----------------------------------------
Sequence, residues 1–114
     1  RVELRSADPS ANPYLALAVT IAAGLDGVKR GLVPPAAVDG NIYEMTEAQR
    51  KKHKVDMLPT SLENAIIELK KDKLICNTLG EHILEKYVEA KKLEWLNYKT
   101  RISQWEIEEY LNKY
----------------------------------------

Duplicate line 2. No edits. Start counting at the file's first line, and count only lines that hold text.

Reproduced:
     1  RVELRSADPS ANPYLALAVT IAAGLDGVKR GLVPPAAVDG NIYEMTEAQR